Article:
These are a few of my favorite things for my own inner work:

  • I am in the midst of creating a Sacred Hour – half to be spent in personal study, and half to be spent with our children in sharing the Saints, the Bible and Anglican traditions.  I am feeling very happy about this.
  •  I have been looking closely at boundaries on my own time and what truly makes me feel comfortable and happy in the way I use time

These are a few of my favorite things for my own self-care and health:

  • Continuing to get up and work out before my day starts with the family.
  • Drinking water.

These are a few of my favorite things for homeschooling:

  • Well, I had started planning and got most of sixth grade planned and two blocks of ninth grade (first year of high school), and then stopped..so I need to get back to planning again.

Please share with me what is inspiring you this month!

Blessings,
Carrie

 

 

Beautiful, Meditative Candlemas

Candle candle burning bright

Winter’s halfway done tonight

With a-glowing we are knowing

Spring will come again

-Candlemas Verse, Unknown Author

Have you ever been just so weary?  So exhausted?  If you have tiny children you see those sweet little bodies to fill with warming foods and coaxing into rest and sleep; if you have elementary-aged children  you are helping to balance burgeoning minds with wonder and bodies with rest and exercise; if you have teenagers maybe you are dealing with restless energy heading toward an uncertain future…and in between all of this you are cooking, cleaning, nourishing a spouse or partner perhaps, and maybe trying to take care of your own physical, emotional and spiritual needs so you can be on your game to do it all again tomorrow.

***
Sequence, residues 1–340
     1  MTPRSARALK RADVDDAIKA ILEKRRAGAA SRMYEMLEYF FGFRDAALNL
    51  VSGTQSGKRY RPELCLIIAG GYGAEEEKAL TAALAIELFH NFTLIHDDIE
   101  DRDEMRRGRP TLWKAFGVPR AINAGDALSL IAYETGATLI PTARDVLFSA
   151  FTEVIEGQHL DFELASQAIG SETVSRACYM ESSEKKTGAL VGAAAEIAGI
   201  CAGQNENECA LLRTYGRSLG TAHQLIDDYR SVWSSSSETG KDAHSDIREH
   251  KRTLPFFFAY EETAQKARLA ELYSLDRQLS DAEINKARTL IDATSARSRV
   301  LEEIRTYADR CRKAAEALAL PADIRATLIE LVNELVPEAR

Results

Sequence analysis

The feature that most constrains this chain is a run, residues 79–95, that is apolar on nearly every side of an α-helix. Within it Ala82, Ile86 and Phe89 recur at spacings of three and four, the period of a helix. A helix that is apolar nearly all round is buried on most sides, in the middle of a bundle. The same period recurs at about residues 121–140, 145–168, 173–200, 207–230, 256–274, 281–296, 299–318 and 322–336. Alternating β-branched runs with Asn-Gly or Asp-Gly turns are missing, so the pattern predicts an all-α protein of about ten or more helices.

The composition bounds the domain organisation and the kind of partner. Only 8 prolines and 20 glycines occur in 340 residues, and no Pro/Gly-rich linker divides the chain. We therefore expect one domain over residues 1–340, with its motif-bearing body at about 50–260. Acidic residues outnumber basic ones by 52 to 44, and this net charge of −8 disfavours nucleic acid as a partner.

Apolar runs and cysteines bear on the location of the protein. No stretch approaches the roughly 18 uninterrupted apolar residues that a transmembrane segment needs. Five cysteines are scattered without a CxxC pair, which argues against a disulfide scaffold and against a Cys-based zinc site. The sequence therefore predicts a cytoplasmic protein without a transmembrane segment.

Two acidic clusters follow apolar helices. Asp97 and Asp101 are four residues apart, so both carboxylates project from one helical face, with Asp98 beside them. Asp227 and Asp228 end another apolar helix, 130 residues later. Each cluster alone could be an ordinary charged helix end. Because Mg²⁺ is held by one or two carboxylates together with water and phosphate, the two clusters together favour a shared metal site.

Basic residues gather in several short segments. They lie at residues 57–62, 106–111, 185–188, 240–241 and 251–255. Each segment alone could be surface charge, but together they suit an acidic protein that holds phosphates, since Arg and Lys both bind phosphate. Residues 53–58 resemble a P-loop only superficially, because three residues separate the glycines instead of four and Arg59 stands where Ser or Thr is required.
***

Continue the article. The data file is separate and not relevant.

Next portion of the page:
I feel your weariness.  I feel your exhaustion .  I feel you trying to hold on in order to nourish everything and everyone in your life.

I think Candlemas (February 2nd) feels this too.  Candlemas is this beautiful, quiet, still pause to remind us of hope.  Spring will come again.  Light will come to the world.  Newness can grow out of old.  Growth can come out of weary.

Candlemas can be the most lovely day to start with a beautiful breakfast of sunny yellow pancakes or crepes.  Candle dipping is such a meditative activity for the day; a gesture of bringing light into the winter of the world and the winter of our souls.   Other ways to work with candles include making earth candles, floating candles, or rolling beeswax candles.  We can offer stories of our friends the bees who give us fragrant, smooth beeswax as their offering.  We can offer this as a time of the half-way between Winter Solstice and Spring Equinox.  If you could have a bonfire, that could be a beautiful way to end the day.